from the lances of the Cavalry or the men whistling as they went about their work, she would find the
ache that had been permanently within her since the death of her father was intensified.
“One day,” she had said to herself as she left India, “I shall go back. I shall be with them again.”
Now her uncle was telling her that there was to be nothing in her future except to wait upon her
aunt and be reproved or abused a dozen times a day.
It was not only her father’s crime for which she was being punished. Both her uncle and aunt
made it very clear how much they had disliked her mother because she was Russian.
“You will not mention your mother’s ancestry to anyone,” Sir Frederick admonished Azalea. “It
was an extremely unfortunate choice at the time your father married, and I expressed my disapproval
very clearly.”
“Why do you disapprove?” Azalea enquired.
“Because a mixture of races is never desirable, and Russians are not even Europeans! Your father
should have taken a decent English girl as his wife.”
“Are you implying that my mother was not decent?” Azalea asked angrily.
Sir Frederick’s lips tightened.
“As your mother is dead I will not express my opinion of her. All I will say is that you will keep
silent concerning her Russian origin.”
The General’s voice sharpened as he continued,
“At any moment we may be again at war with Russia, this time on the North-West Frontier.
Even without open hostilities they stir up the tribesmen, infiltrate our lines, and their spies are
everywhere.”
He looked contemptuously at Azalea’s pale face and added harshly,
“I am ashamed that I must house and support anyone with their poisonous, treacherous blood in
her veins! You will never mention your mother’s name while you are under my protection.”
At first Azalea had been too miserable to realise what was happening to her. Then after a year,
when she was no longer permitted to continue with her education, she found she was little more than
a drudge and an extra servant.
At seventeen, when her first cousins, Violet and Daisy, the twins, were excited about making
their debut and going to Balls, she had become lady’s maid, seamstress, secretary, housekeeper and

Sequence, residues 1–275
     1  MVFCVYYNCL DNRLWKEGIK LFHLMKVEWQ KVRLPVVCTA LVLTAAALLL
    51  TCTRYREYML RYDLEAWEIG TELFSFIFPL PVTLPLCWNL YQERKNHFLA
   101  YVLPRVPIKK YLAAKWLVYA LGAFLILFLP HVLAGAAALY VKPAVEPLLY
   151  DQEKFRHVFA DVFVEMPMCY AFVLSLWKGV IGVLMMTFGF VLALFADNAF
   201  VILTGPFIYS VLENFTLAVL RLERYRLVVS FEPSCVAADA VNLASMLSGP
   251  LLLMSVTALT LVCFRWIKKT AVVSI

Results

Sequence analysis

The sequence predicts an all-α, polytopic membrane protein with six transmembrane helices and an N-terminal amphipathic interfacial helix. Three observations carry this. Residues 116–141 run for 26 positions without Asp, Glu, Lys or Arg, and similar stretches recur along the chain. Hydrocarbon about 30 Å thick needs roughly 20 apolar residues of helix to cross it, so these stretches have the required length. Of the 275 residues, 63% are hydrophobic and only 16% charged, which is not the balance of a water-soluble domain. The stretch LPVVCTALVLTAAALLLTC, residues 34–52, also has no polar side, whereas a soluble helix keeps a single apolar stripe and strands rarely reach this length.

jack-of-all-trades.
Now at eighteen she felt as if she had spent her whole life as a domestic servant and there was
nothing to look forward to, except years and years of attending to the same chores, day in and day out.
Then like a miracle out of the sky had come the news that the General’s command at Aldershot
was over and he was to be posted to Hong Kong.
Azalea could hardly believe it. And at first she was quite certain they would leave her behind.
But she guessed that they were concerned to keep her under their eye – for the stigma of her
father’s death was still to the General a menacing secret which he was afraid she might expose.
It was this she knew, and the memory of her mother, which made them keep her out of sight of
their social friends.
They could not deny that she was their niece, but they told everyone that she was shy andretiring.
“Azalea is not interested in parties or dances,” she heard her aunt say to a friend who had
tentatively suggested she should be included in an invitation extended to her cousins.
She longed to cry out that this was untrue, but she knew that to do so would only bring down
her uncle’s wrath upon her and her position would remain exactly the same.
But at least in Hong Kong she would be nearer to her beloved India. At least there would be
sunshine, flowers and birds, and people would smile at her.